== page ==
Margaret McGowan from Action for Entitlement (TES, October 2) is understandably concerned that there should be a measured response to the Audit Commission's report which notes an increase in the number of children with special needs statements.
The update report assesses progress in implementing the recommendations of Getting In On the Act, our joint study with inspectors on children with special needs. It provides key indicators to help councils gauge their progress, part of our role in promoting improvement. Indeed, every year for the past four years the Audit Commission has drawn attention to delays in issuing statements, delays which increase stress on parents who already have a lot to cope with.
Local authorities reported a 35 per cent increase in the proportion of children with a statement since our 1992 report. This matters to parents, as it demonstrates the pressure on the system. But we have sought to present a balanced picture. The update also highlights the progress made in educating children with special needs in mainstream schools and in reducing delays.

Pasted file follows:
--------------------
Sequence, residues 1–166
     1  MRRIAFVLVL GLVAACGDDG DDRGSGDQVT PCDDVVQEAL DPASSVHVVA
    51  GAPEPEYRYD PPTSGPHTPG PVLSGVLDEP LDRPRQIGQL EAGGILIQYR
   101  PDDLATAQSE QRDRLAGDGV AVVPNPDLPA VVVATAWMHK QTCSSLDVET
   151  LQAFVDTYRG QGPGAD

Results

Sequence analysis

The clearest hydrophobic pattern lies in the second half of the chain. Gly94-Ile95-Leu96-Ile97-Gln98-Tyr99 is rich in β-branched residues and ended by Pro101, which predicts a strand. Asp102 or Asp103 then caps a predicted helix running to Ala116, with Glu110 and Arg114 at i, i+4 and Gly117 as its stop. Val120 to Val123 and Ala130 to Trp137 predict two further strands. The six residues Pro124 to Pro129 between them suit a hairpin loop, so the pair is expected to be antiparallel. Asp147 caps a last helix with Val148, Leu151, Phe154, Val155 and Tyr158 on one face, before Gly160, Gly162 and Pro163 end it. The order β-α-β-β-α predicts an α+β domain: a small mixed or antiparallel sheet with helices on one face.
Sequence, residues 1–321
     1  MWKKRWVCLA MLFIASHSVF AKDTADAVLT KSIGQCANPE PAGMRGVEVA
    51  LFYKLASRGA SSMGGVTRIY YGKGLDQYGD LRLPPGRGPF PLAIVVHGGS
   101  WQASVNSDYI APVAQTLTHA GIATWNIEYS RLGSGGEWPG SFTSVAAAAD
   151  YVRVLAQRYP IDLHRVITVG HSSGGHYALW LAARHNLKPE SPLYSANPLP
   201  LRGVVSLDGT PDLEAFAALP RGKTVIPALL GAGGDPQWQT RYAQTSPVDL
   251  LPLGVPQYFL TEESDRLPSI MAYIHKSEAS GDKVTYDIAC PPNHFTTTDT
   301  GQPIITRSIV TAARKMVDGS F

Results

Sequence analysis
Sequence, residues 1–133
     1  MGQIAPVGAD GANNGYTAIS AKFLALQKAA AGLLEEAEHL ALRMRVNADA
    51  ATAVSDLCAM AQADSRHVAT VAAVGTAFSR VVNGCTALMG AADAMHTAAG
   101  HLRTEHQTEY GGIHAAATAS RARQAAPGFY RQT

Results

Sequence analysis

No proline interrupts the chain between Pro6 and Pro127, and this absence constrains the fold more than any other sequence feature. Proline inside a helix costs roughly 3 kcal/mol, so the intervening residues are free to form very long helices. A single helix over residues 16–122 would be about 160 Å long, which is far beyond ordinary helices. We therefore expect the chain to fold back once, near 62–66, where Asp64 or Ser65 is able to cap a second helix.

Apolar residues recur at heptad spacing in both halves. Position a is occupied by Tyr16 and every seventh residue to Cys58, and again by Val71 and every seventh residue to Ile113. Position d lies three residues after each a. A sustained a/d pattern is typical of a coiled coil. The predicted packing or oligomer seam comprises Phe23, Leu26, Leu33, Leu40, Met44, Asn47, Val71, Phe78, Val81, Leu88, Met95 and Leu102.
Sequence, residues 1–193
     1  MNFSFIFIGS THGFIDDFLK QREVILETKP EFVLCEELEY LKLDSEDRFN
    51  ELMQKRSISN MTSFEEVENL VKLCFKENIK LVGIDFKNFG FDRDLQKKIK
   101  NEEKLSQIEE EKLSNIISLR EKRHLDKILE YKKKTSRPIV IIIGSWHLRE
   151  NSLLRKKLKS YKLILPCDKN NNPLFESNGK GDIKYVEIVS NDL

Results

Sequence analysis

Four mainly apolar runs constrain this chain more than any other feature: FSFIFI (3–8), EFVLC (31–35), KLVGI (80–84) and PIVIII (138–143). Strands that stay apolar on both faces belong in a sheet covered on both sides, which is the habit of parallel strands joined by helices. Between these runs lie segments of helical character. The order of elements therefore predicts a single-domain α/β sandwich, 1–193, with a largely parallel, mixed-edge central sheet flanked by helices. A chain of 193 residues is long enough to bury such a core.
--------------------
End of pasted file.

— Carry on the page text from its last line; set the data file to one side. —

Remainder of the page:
We hope that organisations such as Action for Entitlement will support keeping this vital issue in the public eye and maintaining pressure for improvement. But the debate about how best to provide for children with special needs would not be advanced if the Audit Commission failed to publish important information about some of the difficult issues which parents, schools and councils face. This must be done responsibly - highlighting the progress as well as the concerns - and this is what the update seeks to achieve.
Paul Vevers. Director of audit support. Audit Commission. 1 Vincent Square. London.
Document of the week, 19